Smart microgrids are proposed as a promising way to increase the grid flexibility and reliability by decentralizing the energy generation. Meanwhile, smart microgrids bring about additional advantages, such as reducing carbon emissions and improving energy efficiency by incorporating renewable sources, utilizing waste heat of generators, and decreasing transmission distances. These microgrids may operate in standalone mode or connected to the main grid. The capability of standalone operation is essential for parts of the power grid. The reasons for this are manifold, such as reliability requirements or geographical circumstances on islands and in remote locations. We aim to develop control strategies that enable an economic and risk-free operation of microgrids, while causing a limited amount of coordination- and computation overhead. Additionally, we want to preserve privacy and security of customers by favoring indirect (stochastic) approaches to load scheduling rather than direct control of individual appliances.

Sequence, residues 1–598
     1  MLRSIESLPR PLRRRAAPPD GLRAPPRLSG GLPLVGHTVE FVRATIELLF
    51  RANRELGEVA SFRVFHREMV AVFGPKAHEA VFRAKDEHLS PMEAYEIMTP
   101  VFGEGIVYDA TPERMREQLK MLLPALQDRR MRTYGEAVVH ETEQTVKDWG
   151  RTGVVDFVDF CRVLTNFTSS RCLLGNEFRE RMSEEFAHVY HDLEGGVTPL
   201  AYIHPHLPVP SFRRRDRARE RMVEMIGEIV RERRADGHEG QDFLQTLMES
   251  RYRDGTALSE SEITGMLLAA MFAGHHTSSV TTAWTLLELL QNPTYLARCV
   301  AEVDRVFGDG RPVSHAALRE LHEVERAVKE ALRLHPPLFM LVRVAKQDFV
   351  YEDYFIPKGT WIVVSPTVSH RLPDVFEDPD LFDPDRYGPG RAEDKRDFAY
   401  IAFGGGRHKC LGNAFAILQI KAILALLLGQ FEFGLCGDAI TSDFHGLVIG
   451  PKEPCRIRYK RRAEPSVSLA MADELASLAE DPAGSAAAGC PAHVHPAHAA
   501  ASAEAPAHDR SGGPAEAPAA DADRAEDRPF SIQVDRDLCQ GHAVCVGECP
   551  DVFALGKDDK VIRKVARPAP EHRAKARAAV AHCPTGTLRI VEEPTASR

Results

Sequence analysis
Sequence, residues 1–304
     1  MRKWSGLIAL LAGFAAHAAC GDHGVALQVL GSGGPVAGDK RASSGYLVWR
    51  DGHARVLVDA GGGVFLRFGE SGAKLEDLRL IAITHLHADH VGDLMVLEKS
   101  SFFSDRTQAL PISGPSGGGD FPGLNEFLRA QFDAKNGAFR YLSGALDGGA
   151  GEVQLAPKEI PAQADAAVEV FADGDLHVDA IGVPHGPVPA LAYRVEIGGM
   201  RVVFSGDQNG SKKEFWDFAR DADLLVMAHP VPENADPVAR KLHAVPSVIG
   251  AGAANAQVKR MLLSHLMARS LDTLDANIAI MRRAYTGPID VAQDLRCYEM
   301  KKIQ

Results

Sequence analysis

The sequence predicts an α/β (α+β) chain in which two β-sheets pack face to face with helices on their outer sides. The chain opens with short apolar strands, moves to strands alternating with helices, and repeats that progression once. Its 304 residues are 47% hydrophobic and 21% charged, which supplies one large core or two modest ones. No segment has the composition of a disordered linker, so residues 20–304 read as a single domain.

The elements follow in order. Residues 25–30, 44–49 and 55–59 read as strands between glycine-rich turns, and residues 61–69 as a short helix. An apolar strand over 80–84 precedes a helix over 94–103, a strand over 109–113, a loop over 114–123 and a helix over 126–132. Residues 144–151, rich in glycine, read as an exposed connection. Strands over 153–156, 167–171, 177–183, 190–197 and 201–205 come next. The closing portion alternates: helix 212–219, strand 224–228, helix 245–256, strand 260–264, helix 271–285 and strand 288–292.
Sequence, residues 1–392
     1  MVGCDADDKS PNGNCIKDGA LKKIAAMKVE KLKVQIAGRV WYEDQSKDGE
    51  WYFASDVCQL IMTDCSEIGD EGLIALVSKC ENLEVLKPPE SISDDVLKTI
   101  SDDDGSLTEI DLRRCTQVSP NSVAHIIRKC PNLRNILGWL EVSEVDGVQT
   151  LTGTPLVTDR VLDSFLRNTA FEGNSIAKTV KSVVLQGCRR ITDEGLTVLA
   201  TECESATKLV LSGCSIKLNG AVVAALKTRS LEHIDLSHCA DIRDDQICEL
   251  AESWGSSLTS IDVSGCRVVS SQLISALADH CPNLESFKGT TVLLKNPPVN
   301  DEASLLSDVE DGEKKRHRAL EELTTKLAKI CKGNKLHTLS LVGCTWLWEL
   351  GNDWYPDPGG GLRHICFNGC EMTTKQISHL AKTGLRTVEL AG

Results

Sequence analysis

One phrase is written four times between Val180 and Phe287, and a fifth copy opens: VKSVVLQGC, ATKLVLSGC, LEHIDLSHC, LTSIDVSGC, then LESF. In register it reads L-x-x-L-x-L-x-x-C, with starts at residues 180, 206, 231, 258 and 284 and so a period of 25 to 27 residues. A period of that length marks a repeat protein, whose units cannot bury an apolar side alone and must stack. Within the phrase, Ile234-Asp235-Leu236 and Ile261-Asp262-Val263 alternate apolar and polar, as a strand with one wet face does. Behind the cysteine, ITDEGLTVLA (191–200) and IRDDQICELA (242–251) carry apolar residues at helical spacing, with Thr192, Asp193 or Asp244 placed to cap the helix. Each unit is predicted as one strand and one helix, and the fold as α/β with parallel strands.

Learning Genetic Interactions from Noisy Knockout Experiments